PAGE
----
truth, the only settled and organised judicatures in Scotland, and were alone presided over by educated lawyers. Boece says, Elphinstone was a severe judge, keeping in his mouth the adage —" He hurts the good, who spares the bad." His reputation in the office at Glasgow obtained him, in 1478, promotion to the place of Official of Lothian, then probably the second judicial office in the kingdom,1 which he filled for two years, sitting in Parliament and serving on the judicial committees, which formed the supreme civil jurisdiction in Scotland. In 1481 he was made Bishop of Ross, though some delay took place in his conseeration, perhaps on account of his birth.

Elphinstone was nominated Bishop of Aberdeen in the autumn of 1483.2 According to his biographer, he went on an embassy to France before that time ; for, though he gives no date, he tells us, it was to Louis XL, who died iu that year, and adds, that his first bishopric was the reward for his service in it. The oration which he puts in the Ambassador's mouth, we may safely trust was not delivered ;3 and it will not lessen the good Bishop in our eyes, if we abate something of the influence which Boece attributes to him in the councils of the weak and unfortunate James TIL We know, from evidence of record, that he was employed in embassies to France, England, Burgundy, and Austria,4 and that, for a few months before the death of King James III., he held the office of Chancellor of the kingdom.6 He lost his great office on the accession of the young king, but was speedily restored to favor and to the royal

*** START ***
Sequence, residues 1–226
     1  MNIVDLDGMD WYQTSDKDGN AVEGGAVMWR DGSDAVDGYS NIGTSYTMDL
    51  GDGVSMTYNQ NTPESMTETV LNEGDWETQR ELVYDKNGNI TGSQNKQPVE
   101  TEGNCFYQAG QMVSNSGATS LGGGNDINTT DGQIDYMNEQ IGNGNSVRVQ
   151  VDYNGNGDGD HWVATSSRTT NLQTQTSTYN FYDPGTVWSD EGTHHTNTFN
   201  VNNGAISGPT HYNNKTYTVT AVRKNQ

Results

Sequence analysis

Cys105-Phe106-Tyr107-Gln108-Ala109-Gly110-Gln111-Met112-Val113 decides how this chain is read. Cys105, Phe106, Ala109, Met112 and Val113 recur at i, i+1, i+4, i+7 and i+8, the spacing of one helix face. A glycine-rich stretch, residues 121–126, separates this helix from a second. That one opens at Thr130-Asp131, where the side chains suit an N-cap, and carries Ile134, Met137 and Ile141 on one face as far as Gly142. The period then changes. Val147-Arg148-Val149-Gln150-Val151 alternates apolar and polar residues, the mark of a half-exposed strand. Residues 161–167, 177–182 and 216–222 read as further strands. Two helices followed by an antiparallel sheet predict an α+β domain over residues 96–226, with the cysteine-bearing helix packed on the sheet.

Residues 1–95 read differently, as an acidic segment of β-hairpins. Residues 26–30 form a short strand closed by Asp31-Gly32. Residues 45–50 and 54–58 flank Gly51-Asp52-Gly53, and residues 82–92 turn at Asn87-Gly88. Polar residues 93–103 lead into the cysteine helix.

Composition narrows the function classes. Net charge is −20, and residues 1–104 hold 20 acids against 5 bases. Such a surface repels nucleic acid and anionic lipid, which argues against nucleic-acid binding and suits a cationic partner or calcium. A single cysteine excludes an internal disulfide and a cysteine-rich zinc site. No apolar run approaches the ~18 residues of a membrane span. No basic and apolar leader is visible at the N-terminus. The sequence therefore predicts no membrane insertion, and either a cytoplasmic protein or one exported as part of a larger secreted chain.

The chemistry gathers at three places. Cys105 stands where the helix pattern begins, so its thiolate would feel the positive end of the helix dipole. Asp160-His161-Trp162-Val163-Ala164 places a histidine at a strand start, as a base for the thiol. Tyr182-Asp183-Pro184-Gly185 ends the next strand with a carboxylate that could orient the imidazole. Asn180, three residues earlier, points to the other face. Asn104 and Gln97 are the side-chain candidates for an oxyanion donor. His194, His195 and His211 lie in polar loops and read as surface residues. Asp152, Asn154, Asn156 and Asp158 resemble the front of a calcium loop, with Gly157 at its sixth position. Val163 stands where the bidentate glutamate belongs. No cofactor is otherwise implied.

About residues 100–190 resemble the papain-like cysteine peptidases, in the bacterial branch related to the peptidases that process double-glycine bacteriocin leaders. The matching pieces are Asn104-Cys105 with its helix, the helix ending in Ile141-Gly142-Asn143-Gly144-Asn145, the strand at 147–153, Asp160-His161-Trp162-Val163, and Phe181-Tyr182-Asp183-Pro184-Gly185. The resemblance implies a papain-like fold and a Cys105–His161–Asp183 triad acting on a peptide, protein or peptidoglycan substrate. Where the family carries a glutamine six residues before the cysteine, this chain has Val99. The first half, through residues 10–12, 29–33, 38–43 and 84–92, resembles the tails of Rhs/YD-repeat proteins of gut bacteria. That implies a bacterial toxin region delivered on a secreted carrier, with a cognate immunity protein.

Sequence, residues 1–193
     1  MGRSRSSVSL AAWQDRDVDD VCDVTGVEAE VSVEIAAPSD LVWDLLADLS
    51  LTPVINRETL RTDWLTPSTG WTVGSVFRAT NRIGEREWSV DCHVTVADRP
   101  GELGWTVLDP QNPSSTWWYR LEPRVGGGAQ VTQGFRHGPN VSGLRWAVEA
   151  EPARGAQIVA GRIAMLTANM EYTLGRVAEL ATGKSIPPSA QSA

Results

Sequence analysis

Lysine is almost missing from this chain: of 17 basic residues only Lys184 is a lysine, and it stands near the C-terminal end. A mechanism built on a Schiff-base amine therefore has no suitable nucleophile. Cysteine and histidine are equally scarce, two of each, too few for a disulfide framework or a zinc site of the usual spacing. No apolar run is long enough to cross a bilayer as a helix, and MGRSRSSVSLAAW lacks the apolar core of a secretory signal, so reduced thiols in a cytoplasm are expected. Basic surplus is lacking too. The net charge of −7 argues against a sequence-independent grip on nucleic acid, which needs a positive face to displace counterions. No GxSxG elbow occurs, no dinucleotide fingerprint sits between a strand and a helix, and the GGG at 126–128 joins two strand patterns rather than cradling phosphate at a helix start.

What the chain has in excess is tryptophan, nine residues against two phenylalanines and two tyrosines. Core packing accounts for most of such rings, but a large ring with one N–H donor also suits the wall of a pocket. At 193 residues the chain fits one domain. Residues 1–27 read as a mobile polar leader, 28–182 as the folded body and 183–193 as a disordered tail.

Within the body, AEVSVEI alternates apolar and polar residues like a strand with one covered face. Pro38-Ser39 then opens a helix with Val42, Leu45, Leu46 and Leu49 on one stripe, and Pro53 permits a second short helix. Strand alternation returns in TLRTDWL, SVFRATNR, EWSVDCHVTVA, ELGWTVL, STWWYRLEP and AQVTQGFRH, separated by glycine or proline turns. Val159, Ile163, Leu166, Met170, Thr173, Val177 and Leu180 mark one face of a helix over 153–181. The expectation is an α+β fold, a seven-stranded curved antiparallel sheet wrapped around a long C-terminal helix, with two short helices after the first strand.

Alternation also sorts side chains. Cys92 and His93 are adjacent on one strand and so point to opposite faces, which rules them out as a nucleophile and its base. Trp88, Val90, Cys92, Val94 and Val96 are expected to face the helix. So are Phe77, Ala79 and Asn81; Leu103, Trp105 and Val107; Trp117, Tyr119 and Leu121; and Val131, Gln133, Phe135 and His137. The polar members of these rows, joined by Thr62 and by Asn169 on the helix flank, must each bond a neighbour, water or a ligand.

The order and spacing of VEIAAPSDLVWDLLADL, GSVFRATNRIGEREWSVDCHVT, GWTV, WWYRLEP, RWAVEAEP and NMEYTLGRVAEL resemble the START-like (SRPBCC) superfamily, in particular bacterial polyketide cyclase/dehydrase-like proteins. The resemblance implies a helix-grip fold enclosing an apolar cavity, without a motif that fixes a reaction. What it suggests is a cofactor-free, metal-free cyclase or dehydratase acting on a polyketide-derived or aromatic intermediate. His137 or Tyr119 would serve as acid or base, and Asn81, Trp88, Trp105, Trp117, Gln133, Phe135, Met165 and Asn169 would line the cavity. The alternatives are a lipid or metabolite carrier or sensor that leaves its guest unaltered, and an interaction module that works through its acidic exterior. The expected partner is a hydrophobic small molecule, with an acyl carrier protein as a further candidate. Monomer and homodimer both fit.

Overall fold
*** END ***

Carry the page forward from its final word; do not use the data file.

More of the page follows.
1 The Great Justiciar of Scotland being '"Orationis non sententiam solum sed et the first, whose functions were not merely verba, ne quid varietur, visum est referre." in criminalibus. The Official of St. Andrews Some of the words are not wise, principal was higher in rank, but, perhaps, * Resist. Episc. Aberdon.,-p. 304.

with less business in his court than the Of- 6 From 21st February, 14S7-8 till the

ficial of the Archdeaconry of Lothian, which death of the King on St. Barnabas' day, 11th

included Edinburgh. June. 1488.—Pleadingt in Montrose Duke.

2 Apparently between 14th October and dom Case, 1853. 20th November. His consecration took place

between 17th Dec, 1487, and April, 1488.